Mommy Doesn’t Drink Here Anymore by Rachael Brownell
I feel like my choice to receive this ARC, and consequently read it, might need a little bit of background story.
Since I mentioned previously that I’m not so into self-help books, my reading this may seem strange. However, alcoholism is something that runs in my family and I decided I wanted to read something that would maybe help me get some insight into the addictions no one wants to talk about, but we all know exist.
For the record, I myself do not have a problem with alcohol (and no, this isn’t denial on my part, hehehe), but I also am very aware that I could. Statistically speaking, children of alcoholics or drug addicts have a much higher risk of becoming addicts themselves. And lucky me, both of my parents are at the very least alcoholics.
Because of my desire to have a better life than the one I feel they have had, I made a decision to not be a drinker at all for a really long time. As I’ve gotten older, I have occasionally had a drink, but have always had limitations because I can feel the alcoholism in me. I know that I am constantly one bad day away from it, and fortunately I have remained stubborn enough to avoid alcohol on bad days. But this also means I avoid it on good days, and have to make a point to make no easily opened alcohol in my house when I’m alone.
Anyway, I tell you all this because I want to make it clear that this book was a very personal experience for me. I read it in less than 24 hours, and really if I added it up, I would say I just spent a couple of hours total reading the book. I’m not sure if it really was that easy of a read, or if I was just so interested in the subject matter that I found it difficult to put down.
I was near tears on pretty much every page of this book, and I honestly think that if I had been by myself while reading the majority of it, I would have been bawling. The stories the author told, especially of what happened in her childhood, are ones I am so familiar with. The feeling of needing to take care of a parent is one I can very much identify with, and something I continually wish children didn’t have to experience.
I was impressed by the authors ability to rehash her drinking to write this book. I’m sure it’s hard enough to get sober, let alone go through the process of telling the world about it afterwards. She is someone I wish I knew, so I could help her down her path of sobriety and watch her progress as she continues to get her sobriety “birthday” chips.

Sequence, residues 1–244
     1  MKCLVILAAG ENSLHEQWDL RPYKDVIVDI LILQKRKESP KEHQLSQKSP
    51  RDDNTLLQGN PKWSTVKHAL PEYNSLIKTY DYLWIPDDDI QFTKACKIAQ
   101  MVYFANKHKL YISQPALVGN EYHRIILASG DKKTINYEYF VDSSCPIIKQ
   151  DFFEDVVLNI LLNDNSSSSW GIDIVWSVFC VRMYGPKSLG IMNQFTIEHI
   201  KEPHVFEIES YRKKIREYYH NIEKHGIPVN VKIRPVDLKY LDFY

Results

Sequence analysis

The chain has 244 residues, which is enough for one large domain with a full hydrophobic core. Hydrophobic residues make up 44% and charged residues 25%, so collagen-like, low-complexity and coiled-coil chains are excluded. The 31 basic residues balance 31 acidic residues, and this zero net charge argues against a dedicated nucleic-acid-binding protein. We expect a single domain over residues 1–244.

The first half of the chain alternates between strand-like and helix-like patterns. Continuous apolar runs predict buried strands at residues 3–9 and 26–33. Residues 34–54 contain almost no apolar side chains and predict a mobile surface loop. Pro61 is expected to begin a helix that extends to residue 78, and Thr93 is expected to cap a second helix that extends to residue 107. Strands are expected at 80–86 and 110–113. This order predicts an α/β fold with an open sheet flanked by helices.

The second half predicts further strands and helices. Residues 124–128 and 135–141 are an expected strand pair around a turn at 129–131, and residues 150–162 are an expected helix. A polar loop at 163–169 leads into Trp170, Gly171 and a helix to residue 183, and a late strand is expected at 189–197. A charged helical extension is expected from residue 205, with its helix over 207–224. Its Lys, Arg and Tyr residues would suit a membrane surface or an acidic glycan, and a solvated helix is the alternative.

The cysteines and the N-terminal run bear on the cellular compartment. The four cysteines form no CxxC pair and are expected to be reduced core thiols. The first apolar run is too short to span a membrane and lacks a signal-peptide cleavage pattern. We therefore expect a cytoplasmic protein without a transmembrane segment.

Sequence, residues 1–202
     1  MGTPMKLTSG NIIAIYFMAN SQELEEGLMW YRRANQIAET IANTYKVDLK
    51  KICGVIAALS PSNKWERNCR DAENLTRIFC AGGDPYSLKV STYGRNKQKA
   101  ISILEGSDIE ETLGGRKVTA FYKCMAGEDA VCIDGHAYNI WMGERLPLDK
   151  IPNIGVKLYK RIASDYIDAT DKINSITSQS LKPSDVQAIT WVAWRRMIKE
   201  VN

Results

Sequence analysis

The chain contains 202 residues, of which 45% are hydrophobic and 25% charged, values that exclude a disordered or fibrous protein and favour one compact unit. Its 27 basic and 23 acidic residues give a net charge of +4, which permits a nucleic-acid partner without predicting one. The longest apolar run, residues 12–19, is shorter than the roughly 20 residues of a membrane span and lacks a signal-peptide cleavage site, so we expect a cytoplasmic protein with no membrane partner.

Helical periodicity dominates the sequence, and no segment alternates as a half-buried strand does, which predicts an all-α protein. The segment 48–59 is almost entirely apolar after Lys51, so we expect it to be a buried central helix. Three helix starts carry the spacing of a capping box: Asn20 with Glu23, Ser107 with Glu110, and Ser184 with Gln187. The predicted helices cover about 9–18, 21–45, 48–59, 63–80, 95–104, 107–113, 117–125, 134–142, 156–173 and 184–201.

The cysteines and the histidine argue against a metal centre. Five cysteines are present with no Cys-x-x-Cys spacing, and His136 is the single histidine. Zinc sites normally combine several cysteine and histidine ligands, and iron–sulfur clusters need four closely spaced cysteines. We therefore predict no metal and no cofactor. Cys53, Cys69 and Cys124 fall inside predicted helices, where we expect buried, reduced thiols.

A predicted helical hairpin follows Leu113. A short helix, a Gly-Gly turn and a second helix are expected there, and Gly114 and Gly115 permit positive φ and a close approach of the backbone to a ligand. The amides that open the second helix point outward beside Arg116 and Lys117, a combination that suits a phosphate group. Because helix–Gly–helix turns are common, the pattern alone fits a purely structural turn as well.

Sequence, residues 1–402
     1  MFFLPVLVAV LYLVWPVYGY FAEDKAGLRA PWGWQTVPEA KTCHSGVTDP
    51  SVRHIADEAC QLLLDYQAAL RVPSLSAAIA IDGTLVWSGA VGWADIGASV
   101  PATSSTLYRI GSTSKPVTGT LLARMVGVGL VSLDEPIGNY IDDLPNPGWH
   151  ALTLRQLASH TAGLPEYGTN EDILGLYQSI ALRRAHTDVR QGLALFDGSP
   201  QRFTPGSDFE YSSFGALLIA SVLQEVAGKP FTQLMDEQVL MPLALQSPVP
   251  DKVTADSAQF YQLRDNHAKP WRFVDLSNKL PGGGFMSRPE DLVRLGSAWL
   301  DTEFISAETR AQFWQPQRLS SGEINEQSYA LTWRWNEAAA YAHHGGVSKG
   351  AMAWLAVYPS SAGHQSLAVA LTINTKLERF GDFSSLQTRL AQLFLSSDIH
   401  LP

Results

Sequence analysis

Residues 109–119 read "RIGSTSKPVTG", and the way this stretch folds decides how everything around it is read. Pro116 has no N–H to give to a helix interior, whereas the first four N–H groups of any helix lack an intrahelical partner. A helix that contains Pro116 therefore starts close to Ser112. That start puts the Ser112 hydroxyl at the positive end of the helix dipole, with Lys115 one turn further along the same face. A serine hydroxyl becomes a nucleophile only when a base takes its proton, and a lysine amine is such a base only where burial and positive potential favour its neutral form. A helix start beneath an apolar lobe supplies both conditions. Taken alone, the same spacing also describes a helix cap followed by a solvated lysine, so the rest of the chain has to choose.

One of my favorite parts was when she was able to start thinking she maybe had a problem with drinking. It was a relief to see that it didn’t take a really horrific experience to get her to this point. No DUI’s, losing of jobs or family members, no trips to detox. That in itself says something positive about her, I think.
I wish that my mother had been able to see these problems in herself when I was five. I’m envious that the authors children are going to be able to grow up with memories of their mother sober, rather than the ones I and countless other adults now have. Wishing obviously doesn’t change anything, so all I can really say is I’m very proud of the author for being able to do this.
I also really liked that the author never mentions specifically what 12-step program she joined. Because I am familiar with them, I recognize it and could name it, but I’m of the opinion that there is no right or wrong program. Whatever gets you sober and keeps you there is right, that’s all that matters.
For me, the moral of this story is that everything takes hard work, there aren’t always perfect endings, but once you make the decision to overcome addiction it becomes much easier. I genuinely hope all the addicts in my life get to the point where they can finally see their problem and want to change it. That change can only come from within, and all I can do for them is continue to hope they will some day reach the point where the author did, and see that just *maybe* they might have a problem with alcohol, or whatever their substance of choice is.
Read this book if: You are a child of an addict, think you may have a problem with alcohol, or are in recovery…especially if you feel like you’re going to backslide. If you don’t have a problem yourself, I can’t promise this book will change your life, but hopefully it will help you understand the people in your life who do have these issues. And be prepared to cry.